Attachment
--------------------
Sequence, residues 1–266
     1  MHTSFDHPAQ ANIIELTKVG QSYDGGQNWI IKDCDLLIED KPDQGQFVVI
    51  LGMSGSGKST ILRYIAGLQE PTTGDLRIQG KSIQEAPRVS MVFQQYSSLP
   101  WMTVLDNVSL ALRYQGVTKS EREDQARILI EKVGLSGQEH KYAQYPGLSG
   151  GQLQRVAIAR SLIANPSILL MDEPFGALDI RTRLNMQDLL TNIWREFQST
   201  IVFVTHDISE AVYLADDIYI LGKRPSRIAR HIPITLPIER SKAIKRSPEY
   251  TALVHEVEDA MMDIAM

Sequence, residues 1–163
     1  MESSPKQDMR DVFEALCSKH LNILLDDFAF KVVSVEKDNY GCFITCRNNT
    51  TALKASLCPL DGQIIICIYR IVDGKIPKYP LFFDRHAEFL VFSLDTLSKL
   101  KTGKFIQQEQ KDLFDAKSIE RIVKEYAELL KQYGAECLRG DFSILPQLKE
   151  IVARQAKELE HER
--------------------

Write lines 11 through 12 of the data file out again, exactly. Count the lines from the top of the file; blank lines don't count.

   101  KTGKFIQQEQ KDLFDAKSIE RIVKEYAELL KQYGAECLRG DFSILPQLKE
   151  IVARQAKELE HER